Post-secondary education can place a burden on any taxpayer, and when a chosen major leads to a master’s and doctoral degree, the cumulative cost of tuition can be substantial. The tuition tax credit, available to Canadian students and their families for post-secondary courses from qualifying institutions, is similarly available for students in post-graduate studies. Some provinces provide additional incentives.
The Tuition Tax Credit
“The tuition tax credit is a nonrefundable and transferable tax credit available to Canadian residents studying at a post-secondary level,” says Mary Gillick, certified financial planner and elder planning counselor with Investors Group in London, Ontario. “Study may be in Canada or abroad, as long as the institution is approved by the CRA.” Study outside Canada is also subject to minimum program length of three weeks, and all tuition paid must be over $100 for eligibility. The amount of the credit is calculated by multiplying eligible tuition amounts by the lowest federal personal tax rate for the current year. Since 2006, the rate has been 15 percent, so a student paying $3,000 in tuition would be entitled to a credit of $450. The tuition tax credit has the potential to reduce the amount of tax you owe to zero, but it does not result in a cash refund.
Claiming Tuition on Your Return
Calculating and claiming tuition credits on your federal tax return requires completion of Schedule 11. Although there are situations where education amounts can be transferred to others, only the student completes this schedule. On Schedule 11, you can declare unused tuition credits from previous years, as well as eligible tuition from your college or university tax certificates for the current year. The total amount is calculated on line 17 of Schedule 11 and transferred to line 323 of your federal tax return. There is no special procedure for post-graduate study tuition.
Transferring and Carrying Forward
When the tuition credit in a given tax year reduces the amount of tax owed, any surplus can be carried forward to another tax year. Surplus credits up to a maximum of $5,000 — less any amount claimed — can be transferred to an eligible relative. Transfers and forwards are reported through Schedule 11 by the student. When the recipient of the education credit is a parent or grandparent, the transfer is reported in field 324 of the parent or grandparent’s federal return. When transferring an amount to a spouse, the education amount is reported in field 360 of Schedule 2, Federal Amounts Transferred From Your Spouse or Common-Law Partner.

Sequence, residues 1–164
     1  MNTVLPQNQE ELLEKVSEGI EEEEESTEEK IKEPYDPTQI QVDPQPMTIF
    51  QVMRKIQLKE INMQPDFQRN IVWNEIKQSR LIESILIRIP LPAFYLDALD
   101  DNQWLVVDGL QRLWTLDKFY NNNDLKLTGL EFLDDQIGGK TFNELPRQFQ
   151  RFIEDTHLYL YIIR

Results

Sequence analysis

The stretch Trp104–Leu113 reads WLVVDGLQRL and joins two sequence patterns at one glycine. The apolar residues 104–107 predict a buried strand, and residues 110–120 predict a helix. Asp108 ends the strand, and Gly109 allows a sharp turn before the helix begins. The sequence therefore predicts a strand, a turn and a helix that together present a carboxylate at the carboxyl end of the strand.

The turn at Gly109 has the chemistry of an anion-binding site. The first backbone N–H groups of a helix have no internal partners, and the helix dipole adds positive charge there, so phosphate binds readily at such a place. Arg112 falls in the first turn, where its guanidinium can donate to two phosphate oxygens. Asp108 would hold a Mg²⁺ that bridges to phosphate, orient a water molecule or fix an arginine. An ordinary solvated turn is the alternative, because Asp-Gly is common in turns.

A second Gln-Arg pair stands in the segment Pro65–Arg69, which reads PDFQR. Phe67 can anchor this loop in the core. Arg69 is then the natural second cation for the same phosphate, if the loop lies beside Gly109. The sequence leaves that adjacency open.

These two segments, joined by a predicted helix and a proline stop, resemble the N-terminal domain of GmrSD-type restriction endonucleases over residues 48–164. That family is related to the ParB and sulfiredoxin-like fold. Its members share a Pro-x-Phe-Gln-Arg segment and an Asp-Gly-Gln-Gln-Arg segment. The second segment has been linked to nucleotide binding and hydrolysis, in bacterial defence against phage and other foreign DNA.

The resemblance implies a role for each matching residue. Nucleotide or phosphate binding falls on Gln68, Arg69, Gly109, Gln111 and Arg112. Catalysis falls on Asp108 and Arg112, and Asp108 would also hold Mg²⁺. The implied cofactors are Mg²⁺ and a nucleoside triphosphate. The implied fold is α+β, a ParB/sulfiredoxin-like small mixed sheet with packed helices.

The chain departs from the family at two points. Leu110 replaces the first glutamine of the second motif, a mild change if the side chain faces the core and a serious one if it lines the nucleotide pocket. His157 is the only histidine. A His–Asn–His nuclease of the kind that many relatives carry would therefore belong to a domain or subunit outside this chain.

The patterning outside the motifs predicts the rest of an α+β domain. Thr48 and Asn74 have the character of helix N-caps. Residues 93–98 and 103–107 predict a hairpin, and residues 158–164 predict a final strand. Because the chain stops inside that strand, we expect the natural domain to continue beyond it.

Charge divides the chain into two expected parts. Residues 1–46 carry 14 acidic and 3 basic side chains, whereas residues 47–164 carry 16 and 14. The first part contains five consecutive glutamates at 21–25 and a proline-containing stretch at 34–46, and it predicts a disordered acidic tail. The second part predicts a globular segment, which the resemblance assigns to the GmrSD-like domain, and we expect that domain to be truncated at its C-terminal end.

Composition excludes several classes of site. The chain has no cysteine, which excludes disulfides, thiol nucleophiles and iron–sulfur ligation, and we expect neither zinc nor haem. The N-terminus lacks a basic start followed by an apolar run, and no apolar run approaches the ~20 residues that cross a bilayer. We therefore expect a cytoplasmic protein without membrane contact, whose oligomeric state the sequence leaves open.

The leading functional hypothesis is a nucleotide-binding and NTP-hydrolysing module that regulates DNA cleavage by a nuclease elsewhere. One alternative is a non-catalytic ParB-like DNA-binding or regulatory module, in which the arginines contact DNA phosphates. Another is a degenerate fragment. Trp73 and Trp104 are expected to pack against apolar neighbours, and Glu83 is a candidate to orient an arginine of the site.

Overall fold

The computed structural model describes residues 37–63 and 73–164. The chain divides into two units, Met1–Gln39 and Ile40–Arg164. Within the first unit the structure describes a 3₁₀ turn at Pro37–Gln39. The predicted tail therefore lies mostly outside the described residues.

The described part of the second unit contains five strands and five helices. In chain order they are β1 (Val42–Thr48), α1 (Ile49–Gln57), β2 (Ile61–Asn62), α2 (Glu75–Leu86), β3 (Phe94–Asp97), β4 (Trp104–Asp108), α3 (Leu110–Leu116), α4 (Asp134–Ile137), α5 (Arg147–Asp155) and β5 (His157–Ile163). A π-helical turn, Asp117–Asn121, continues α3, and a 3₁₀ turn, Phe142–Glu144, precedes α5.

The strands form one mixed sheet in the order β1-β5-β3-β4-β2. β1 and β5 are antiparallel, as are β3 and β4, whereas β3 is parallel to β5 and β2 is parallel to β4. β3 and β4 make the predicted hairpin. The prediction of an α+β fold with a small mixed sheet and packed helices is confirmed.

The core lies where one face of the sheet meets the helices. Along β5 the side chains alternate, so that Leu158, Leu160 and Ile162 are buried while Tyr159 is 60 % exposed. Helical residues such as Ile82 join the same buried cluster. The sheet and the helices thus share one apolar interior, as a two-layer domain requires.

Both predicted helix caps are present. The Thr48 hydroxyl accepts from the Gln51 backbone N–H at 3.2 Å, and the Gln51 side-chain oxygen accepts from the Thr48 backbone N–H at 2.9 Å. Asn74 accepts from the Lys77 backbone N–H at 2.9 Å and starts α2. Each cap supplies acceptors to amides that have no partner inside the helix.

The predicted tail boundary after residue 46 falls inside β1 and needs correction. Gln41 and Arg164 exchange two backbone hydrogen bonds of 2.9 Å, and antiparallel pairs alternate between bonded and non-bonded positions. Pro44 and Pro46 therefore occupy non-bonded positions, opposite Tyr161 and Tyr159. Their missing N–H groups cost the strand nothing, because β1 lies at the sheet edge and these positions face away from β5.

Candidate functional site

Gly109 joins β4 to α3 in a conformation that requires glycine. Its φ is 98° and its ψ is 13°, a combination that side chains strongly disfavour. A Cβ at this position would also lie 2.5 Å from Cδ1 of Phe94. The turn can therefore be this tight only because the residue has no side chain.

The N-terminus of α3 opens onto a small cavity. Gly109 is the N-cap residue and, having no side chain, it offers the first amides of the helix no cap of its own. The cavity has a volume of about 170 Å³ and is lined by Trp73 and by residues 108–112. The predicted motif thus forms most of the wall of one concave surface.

Provincial Tuition Programs
Several regions in Canada offer graduate and post-graduate students aggressive incentives to stay in the region after graduation. Plans offer credits or rebates of provincial income tax — available only to residents of the provinces — and spread over several years to encourage career development in localities where students earn their degrees. Each provincial program has its own requirements and benefits. All but Saskatchewan’s program recognize post-graduate studies, while Quebec’s tax credit applies to recent graduates working in remote resource regions.
References & Resources
- Mary Gillick, CFP EPC; Investors Group; London, Ontario
- Canada Revenue Agency: Line 323 — Your Tuition, Education and Textbook Amounts
- Canada Revenue Agency: Line 324 — Tuition, Education and Textbook Amounts Transferred from a Student